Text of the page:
New report on AIS threat to global marine biodiversity

Some 84 per cent of the world's marine ecosystems have been infected by invasive species - and this number could be even higher due to under-reporting, according to a new study from the Nature Conservancy. Although invasive species are widely recognized as a major threat to marine biodiversity, there has been no quantitative global assessment of their impacts and routes of introduction. The report gives initial results from the first such global assessment. Drawing from over 350 databases and other sources, it synthesizes information on 329 marine invasive species, including their distribution, impacts on biodiversity, and introduction pathways. Initial analyses show that only 16% of marine ecoregions have no reported marine invasions, and even that figure may be inflated due to under-reporting. International shipping, followed by aquaculture, represent the major means of introduction. The geographically referenced and publicly available database provides a framework that can be used to highlight the invasive taxa that are most threatening, as well as to prioritize the invasion pathways that pose the greatest threat.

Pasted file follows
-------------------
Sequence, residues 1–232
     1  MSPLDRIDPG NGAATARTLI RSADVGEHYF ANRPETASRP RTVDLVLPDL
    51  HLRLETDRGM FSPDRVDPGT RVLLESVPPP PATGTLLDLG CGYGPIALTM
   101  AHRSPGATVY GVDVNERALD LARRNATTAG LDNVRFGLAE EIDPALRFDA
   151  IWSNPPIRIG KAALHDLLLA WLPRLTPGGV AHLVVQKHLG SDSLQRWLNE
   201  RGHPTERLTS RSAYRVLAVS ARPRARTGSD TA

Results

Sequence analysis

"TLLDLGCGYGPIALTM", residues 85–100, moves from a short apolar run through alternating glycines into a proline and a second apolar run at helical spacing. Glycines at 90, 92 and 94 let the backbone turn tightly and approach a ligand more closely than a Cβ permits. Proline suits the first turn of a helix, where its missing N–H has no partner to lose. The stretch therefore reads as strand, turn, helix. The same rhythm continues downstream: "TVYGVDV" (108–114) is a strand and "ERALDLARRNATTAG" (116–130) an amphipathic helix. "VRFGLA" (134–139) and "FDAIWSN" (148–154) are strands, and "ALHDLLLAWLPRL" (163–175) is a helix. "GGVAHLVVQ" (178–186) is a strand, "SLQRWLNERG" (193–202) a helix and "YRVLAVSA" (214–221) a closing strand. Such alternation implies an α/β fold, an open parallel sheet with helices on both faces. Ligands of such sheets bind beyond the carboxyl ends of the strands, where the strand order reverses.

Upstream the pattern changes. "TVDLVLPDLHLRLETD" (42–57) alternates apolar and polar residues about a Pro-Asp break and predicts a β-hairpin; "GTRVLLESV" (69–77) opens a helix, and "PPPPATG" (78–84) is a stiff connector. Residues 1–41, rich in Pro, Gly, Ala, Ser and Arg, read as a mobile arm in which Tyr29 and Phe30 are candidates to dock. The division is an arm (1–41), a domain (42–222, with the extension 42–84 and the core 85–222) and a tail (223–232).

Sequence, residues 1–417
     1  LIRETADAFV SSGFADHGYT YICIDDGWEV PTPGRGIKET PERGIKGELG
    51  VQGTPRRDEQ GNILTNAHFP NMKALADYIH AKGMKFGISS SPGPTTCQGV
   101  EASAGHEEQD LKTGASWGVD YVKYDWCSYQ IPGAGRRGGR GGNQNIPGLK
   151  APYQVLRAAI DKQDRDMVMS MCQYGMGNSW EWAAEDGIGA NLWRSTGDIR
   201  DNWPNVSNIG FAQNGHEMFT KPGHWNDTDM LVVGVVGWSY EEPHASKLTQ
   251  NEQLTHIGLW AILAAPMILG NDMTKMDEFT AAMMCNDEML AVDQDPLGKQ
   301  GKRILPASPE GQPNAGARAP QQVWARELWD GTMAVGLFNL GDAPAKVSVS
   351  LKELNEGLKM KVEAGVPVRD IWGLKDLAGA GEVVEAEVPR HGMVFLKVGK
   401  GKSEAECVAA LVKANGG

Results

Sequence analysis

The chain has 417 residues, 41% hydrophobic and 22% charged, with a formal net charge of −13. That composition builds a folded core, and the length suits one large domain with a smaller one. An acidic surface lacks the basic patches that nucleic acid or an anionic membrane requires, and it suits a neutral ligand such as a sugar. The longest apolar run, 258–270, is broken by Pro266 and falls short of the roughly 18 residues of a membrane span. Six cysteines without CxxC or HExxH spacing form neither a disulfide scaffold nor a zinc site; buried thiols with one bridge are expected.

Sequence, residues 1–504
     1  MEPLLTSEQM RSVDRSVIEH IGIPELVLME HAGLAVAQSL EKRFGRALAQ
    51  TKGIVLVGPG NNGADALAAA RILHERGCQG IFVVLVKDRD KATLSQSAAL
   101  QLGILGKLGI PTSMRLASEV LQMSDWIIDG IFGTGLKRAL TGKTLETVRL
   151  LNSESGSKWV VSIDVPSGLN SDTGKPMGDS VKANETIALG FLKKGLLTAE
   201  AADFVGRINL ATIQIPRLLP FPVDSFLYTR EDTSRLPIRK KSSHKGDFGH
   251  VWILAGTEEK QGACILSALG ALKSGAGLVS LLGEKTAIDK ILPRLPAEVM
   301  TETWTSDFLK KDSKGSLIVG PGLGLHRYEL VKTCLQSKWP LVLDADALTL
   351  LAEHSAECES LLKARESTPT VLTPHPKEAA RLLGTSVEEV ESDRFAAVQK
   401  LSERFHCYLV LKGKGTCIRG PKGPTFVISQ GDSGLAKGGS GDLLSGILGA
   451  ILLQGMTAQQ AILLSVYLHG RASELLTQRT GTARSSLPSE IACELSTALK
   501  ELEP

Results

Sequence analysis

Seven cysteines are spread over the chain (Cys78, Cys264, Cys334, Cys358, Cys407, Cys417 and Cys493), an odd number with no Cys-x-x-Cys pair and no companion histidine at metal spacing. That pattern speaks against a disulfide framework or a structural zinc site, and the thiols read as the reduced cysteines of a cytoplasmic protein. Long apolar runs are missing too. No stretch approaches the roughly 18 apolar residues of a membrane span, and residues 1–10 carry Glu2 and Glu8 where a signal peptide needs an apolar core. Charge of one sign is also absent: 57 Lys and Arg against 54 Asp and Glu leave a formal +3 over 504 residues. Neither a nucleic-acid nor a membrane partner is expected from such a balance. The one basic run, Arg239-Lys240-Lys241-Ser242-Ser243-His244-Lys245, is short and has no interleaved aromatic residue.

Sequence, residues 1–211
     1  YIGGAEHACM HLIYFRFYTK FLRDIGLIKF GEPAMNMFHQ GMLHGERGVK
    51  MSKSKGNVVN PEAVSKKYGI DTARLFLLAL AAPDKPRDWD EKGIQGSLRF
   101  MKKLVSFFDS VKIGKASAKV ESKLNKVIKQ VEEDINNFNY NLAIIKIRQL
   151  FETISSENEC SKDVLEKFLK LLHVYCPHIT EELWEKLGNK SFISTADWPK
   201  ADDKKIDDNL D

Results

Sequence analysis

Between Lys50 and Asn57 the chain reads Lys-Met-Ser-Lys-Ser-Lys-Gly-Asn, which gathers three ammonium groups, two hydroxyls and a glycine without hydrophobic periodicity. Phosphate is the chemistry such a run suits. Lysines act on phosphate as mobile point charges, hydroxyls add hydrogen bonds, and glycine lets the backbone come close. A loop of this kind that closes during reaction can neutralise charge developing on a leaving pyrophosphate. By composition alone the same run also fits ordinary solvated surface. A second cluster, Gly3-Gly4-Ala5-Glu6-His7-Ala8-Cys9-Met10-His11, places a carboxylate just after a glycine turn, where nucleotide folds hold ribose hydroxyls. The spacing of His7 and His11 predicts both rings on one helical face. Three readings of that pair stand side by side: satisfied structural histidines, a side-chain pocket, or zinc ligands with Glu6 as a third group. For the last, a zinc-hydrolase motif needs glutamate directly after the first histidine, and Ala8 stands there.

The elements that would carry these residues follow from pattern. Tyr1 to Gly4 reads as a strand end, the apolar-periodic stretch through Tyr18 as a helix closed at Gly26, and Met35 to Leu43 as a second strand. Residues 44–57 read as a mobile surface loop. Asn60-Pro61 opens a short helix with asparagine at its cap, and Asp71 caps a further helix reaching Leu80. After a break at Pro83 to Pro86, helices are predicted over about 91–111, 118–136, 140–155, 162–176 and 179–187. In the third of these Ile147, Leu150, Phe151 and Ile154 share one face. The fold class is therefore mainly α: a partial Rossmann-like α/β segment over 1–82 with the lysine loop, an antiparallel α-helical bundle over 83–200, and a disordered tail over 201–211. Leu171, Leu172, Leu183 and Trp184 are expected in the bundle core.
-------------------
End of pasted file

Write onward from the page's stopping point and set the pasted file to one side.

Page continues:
Get the paper here.

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